Freedom of Religion or Belief: International Conference — [Steve McCabe in the Chair]

Part of the debate – in Westminster Hall at 10:16 am on 28th June 2022.

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Photo of Carla Lockhart Carla Lockhart DUP, Upper Bann 10:16 am, 28th June 2022

It is an honour to serve under your chairmanship, Mr McCabe. I commend Fiona Bruce for securing this debate. Let me take this opportunity to thank her for her ongoing work as the Prime Minister’s special envoy for freedom of religion or belief—I can think of no one better suited to fulfil that role. I thank my hon. Friend Jim Shannon for his ongoing work in the all-party parliamentary group for international freedom of religion or belief. He is always a strong voice on this issue.

The freedoms we enjoy here in the United Kingdom came at a high price. For those who fought and died to secure our freedoms, we are forever in their debt. But having received that gift of freedom, we have a duty to do what we can to ensure that others, whoever they may be, who are living in fear under surveillance, threatened with imprisonment or death, are moving towards freedom, not further persecution. On a regular basis I raise that persecution with the Foreign, Commonwealth and Development Office. Sadly, all too often it follows an attack on or slaughter of believers.

In the short time available, I want to mention two places where I urge the Government to do more, and which I hope will be a focus in the forthcoming ministerial conference. The first is Nigeria. My hon. Friend the Member for Strangford eloquently outlined some of the points already. Open Doors, which we all know does an amazing job as a voice for the persecuted church, reports that in the first three months of 2022, 896 Nigerian civilians were killed in violent attacks, including hundreds of Christians who were murdered because of their faith by extremist Islamic militants.

Nigeria is No. 7 on the Open Doors world watch list. More Christians are killed for their faith in Nigeria than in the rest of the world combined. The situation in Nigeria for those who follow Jesus is becoming increasingly dangerous, as greater collaboration emerges among Islamic militants. I urge the Foreign Office to do more to highlight what is happening in Nigeria and to work with the international community to address this horrific situation.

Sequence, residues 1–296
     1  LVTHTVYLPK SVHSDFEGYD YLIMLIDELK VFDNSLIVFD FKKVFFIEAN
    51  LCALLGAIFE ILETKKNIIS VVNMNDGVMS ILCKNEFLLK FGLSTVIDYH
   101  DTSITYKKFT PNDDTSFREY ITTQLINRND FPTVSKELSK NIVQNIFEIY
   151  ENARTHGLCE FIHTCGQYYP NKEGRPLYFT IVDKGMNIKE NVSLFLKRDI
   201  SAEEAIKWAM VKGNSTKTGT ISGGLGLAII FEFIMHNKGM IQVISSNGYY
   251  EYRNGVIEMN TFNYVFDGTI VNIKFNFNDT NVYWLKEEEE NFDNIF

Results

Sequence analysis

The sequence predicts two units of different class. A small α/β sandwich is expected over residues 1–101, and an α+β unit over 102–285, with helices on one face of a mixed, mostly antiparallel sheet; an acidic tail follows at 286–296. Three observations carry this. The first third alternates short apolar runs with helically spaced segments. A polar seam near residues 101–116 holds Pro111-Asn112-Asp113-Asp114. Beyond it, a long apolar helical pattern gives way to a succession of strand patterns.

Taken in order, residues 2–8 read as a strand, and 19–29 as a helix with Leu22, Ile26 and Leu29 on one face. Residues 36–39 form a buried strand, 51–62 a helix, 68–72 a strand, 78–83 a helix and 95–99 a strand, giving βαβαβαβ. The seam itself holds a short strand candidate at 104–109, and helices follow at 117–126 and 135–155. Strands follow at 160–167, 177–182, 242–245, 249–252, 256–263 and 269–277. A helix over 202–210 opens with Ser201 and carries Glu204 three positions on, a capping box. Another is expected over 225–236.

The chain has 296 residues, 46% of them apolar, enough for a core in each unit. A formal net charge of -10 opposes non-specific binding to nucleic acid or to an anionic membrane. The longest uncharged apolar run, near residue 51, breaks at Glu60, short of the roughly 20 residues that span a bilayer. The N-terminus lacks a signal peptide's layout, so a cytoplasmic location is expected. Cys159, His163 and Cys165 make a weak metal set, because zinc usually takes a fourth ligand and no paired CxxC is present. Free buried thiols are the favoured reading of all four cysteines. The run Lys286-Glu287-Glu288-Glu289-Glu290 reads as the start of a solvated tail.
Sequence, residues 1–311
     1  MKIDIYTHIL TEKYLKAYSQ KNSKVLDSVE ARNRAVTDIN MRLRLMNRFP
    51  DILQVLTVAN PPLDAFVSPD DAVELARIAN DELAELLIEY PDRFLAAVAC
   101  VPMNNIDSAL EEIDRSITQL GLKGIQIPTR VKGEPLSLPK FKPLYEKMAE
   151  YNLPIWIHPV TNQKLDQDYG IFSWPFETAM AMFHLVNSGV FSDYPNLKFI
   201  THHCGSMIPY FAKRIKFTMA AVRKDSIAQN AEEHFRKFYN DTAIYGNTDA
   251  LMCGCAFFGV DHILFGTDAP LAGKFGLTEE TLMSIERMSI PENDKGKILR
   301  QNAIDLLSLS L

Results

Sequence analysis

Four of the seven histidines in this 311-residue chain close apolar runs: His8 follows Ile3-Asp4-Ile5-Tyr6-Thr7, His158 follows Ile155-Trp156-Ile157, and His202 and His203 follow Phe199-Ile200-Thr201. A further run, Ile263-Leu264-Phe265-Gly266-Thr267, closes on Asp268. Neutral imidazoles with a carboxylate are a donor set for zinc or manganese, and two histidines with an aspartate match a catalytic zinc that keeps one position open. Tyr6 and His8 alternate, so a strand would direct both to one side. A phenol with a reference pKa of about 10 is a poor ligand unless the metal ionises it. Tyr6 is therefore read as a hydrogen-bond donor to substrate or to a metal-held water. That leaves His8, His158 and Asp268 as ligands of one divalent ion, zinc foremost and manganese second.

Secondly, I want to mention Myanmar. It is a matter of regret, but all too often the reality, that the international community move on to the next crisis and forget the one that went before. Myanmar remains in turmoil. The junta are still in control. With that control they are targeting religious minorities, including many Christians, who are often targeted by the Buddhist national military to suppress opposition. Majority Christian villages are being bombed and churches have been targeted. It is not only Christians who have been persecuted in Myanmar, however. Notably, thousands of Rohingya Muslims have been driven out of the country as well.

While there is so much focus on Ukraine, which is right, let the international community not forget Myanmar. Indeed, let there be a redoubling of efforts to restore democracy in that land, for the protection of all. Let me take the opportunity to mention a church in my constituency, Newmills Presbyterian church, which is doing amazing work with the Myanmar people. The church has a great feeling for those who are caught up in the turmoil.

My speaking time has almost run out, but let me conclude by urging those attending the conference to focus on outcomes and on acting to protect Christians in those places of persecution. Let the conference also focus on ensuring that those who wish to go there to spread the good news of Christ, evangelistically or practically, are safe to do so.